Strait of Georgia

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Strait of Georgia
PNW-straits.jpg
The Strait of Georgia with sediment from the Fraser River clearly visible.
Canada British Columbia relief location map.jpg
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Strait of Georgia
Location British Columbia and Washington
Coordinates 49°17′39″N123°48′26″W / 49.29417°N 123.80722°W / 49.29417; -123.80722 Coordinates: 49°17′39″N123°48′26″W / 49.29417°N 123.80722°W / 49.29417; -123.80722
Part of Salish Sea
River sources Fraser River, Squamish River
Ocean/sea sources Pacific Ocean
Basin  countries Canada and United States
Surface area6,800 km2 (2,600 sq mi)
Average depth156 m (512 ft)
Max. depth420 m (1,380 ft) [1]
Residence time 160 days [2]
Sections/sub-basins Malaspina Strait
Settlements Vancouver, Surrey, Richmond, Delta, Nanaimo, Courtenay
Looking west across the Straight from Iona Park in Richmond towards Gabriola and Valdes Islands. Looking across the Straight of Georgia from Iona Island.jpg
Looking west across the Straight from Iona Park in Richmond towards Gabriola and Valdes Islands.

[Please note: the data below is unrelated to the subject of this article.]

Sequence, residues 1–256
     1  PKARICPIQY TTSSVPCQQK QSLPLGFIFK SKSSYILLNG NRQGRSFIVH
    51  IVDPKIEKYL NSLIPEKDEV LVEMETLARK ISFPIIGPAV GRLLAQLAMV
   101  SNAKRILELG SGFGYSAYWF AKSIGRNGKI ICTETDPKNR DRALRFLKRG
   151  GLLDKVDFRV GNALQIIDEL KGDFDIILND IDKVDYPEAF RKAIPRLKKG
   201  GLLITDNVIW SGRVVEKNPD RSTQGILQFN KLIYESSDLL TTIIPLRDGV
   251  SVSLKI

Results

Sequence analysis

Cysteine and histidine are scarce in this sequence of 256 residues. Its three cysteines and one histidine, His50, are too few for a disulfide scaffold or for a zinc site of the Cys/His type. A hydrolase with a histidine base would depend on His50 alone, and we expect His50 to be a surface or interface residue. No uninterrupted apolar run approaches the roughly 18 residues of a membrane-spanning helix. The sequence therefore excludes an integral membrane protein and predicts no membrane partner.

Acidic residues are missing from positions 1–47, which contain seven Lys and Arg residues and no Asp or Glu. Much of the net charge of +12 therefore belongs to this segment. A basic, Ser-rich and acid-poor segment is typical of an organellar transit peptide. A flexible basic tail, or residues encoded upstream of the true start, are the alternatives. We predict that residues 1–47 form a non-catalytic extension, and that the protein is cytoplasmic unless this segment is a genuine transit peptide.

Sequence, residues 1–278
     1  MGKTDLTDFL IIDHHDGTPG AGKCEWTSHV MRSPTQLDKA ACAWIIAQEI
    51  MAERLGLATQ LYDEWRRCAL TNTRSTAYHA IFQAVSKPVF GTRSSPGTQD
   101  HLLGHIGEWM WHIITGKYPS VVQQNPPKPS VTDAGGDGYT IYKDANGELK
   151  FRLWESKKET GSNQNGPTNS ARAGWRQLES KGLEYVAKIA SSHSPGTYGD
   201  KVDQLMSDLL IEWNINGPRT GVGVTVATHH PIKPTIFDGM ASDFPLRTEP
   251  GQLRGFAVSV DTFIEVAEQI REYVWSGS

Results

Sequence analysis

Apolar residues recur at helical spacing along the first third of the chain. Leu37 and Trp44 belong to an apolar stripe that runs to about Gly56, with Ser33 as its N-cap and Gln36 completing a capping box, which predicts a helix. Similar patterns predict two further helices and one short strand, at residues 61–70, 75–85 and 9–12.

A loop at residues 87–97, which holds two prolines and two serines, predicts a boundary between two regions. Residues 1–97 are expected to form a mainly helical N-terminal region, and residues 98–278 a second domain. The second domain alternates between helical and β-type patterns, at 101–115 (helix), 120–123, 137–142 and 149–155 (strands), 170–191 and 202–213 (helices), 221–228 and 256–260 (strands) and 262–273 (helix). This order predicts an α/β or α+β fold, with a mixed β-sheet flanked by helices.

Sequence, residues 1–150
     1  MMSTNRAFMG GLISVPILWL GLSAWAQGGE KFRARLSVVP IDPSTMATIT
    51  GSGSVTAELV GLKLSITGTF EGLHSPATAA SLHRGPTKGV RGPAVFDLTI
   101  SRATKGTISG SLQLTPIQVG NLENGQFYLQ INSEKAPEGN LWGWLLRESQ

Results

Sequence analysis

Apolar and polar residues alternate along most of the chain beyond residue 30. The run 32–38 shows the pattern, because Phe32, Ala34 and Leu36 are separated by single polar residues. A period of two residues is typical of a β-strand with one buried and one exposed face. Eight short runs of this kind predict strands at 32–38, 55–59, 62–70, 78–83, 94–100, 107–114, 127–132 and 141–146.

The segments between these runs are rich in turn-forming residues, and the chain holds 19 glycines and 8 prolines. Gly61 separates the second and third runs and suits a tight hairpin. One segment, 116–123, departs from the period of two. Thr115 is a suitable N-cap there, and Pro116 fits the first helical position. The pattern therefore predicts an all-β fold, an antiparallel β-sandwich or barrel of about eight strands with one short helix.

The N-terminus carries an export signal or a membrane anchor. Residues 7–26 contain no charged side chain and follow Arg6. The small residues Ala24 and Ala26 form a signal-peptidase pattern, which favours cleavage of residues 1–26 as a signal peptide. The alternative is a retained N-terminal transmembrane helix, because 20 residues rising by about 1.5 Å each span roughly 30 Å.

The Strait of Georgia (French : Détroit de Géorgie) or the Georgia Strait [3] is an arm of the Salish Sea between Vancouver Island and the extreme southwestern mainland coast of British Columbia, Canada and the extreme northwestern mainland coast of Washington, United States. It is approximately 240 kilometres (150 mi) long and varies in width from 20 to 58 kilometres (12 to 36 mi). [4] Along with the Strait of Juan de Fuca and Puget Sound, it is a constituent part of the Salish Sea.

Contents

Archipelagos and narrow channels mark each end of the Strait of Georgia, the Gulf Islands and San Juan Islands in the south, and the Discovery Islands in the north. The main channels to the south are Boundary Pass, Haro Strait and Rosario Strait, which connect the Strait of Georgia to the Strait of Juan de Fuca. In the north, Discovery Passage is the main channel connecting the Strait of Georgia to Johnstone Strait. The strait is a major navigation channel on the west coast of North America, owing to the presence of the port of Vancouver, and also due to its role as the southern entrance to the Intracoastal route known as the Inside Passage.